When I came to Nyhaven to play soccer, I had heard about the city's athletic facilities.
There was ColumbiAir Arena, one of the easiest venues to get to, due to its location in midtown and having its own subway station. As the new rookie in town, I got the chance to ask some of the Huskies basketball players what they thought of their home court. "I've never played anywhere like it," one of them told me. "The atmosphere during games is simply electric, and the neighborhood really adds to the arena's appeal with locals. It's easy to head over to Ebenezer Square after a game for a night on the town, so the stands are always packed."
The three venues at Sporthaven weren't as close to the excitement of central Nyhaven, but they still made for great places to play and watch games. Walking along the waterfront gave me unparalleled views of the skyline!
What really knocked my socks off, however, was the place where I would train and play for the Nyhaven Cruisers - at Puget Island Athletic Park. It was enormous, and with such good transportation connections, I could practically live anywhere in the metro area and be just minutes from work. No wonder the city chose this park as its Simlympic park back in 1980!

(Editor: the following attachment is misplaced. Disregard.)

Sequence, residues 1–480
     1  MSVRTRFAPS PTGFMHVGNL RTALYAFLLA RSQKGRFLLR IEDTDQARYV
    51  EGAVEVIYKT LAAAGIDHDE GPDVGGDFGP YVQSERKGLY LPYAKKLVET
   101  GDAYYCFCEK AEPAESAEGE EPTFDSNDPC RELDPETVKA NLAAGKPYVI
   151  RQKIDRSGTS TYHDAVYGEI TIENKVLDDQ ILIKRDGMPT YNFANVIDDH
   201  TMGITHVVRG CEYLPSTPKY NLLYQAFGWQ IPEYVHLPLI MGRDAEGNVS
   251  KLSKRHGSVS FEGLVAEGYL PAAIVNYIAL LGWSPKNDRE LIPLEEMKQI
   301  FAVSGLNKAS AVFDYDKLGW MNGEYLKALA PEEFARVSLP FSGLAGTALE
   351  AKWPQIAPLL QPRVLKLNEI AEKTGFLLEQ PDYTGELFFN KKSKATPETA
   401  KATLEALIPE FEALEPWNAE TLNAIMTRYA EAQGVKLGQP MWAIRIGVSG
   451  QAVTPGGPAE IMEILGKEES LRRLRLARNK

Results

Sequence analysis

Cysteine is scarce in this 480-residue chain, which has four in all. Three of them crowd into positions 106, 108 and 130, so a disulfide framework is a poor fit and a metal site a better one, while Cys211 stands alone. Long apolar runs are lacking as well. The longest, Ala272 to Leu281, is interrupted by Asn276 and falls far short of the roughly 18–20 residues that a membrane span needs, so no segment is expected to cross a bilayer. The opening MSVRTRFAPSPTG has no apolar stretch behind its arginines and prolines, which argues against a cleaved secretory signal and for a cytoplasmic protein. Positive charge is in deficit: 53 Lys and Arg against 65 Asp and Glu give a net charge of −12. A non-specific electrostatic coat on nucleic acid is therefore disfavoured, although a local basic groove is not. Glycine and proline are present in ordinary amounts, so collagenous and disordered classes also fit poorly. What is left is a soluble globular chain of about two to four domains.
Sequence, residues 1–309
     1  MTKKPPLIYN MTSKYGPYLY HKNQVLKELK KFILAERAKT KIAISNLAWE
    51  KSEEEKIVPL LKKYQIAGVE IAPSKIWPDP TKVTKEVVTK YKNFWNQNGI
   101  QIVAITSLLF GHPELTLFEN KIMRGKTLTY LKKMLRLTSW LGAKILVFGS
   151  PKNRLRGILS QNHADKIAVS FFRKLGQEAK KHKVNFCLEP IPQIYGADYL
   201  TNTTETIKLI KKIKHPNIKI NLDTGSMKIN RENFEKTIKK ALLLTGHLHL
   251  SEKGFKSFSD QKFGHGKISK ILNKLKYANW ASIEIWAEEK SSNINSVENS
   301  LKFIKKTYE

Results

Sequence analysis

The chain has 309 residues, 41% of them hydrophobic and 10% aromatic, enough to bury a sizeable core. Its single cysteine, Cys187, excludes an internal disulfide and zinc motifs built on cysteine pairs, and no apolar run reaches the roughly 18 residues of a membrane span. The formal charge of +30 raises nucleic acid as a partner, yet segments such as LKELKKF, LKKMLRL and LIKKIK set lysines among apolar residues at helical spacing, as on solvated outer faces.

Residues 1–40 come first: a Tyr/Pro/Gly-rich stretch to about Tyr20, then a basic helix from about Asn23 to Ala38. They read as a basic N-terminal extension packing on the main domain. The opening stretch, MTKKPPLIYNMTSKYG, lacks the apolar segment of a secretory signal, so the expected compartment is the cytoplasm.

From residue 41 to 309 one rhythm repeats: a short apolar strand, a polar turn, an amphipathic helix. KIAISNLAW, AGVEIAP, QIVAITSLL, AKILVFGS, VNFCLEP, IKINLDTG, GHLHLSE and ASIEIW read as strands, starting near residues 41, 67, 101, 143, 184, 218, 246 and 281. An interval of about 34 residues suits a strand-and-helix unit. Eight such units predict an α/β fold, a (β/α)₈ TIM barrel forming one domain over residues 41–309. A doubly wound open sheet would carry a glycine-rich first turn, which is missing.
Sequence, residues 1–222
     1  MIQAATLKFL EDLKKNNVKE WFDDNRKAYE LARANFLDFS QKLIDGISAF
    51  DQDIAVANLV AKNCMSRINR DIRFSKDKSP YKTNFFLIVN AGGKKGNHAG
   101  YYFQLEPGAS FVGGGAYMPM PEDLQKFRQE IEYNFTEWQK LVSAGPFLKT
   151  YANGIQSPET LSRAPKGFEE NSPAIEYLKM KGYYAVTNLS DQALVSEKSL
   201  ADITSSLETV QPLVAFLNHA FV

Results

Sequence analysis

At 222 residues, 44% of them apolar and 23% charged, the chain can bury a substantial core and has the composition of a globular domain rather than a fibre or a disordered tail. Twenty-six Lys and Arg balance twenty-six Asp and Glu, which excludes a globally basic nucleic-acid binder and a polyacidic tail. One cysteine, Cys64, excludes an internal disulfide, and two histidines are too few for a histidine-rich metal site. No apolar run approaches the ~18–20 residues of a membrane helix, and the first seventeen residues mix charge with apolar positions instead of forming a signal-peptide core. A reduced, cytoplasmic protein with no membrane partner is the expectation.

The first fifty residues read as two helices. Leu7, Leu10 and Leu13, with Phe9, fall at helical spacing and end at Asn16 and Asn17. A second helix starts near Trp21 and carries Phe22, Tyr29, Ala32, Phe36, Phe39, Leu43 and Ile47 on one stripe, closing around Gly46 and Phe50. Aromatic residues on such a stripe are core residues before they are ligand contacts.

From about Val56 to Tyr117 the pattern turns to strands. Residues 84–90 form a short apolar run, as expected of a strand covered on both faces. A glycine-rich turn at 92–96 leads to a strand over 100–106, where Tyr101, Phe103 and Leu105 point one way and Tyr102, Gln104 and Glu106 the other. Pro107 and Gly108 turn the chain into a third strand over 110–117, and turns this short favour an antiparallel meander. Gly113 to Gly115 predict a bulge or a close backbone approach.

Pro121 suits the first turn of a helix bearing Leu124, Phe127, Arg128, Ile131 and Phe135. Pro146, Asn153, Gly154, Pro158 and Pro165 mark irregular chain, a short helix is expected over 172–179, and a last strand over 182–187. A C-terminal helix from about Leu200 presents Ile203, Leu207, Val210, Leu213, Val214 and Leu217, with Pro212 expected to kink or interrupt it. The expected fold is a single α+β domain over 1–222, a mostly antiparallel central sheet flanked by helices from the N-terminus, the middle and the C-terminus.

The park's Melkovitch Center for Athletic Development was full of young, up-and-coming athletes like me, so it made the perfect place to train. With three different venues, each with a different focus, I could get a full workout in one place.
Right across the street from there was Crown Insurance Park, where I would play all my home games as a midfielder for the Cruisers. The stadium had just reopened after a massive reconstruction program, and it had all the best amenities.
With my interest in playing for Lower Columbia's national soccer team, though, I couldn't help but visit Jean Le Conte Simlympic Stadium, where the kingdom's greatest athletes had won so many medals all those years ago.
I ended up renting an apartment in the park's former Olympic Village, which had been opened to the public as low-cost housing after the Games. It was close to work, and with a station on Saint Mark's Line close by, I could hop on a train and be anywhere I wanted to be in Nyhaven in just minutes.
When I came to Nyhaven, I was skeptical that it was what people claimed it was - the sports capital of Lower Columbia. They couldn't be more right!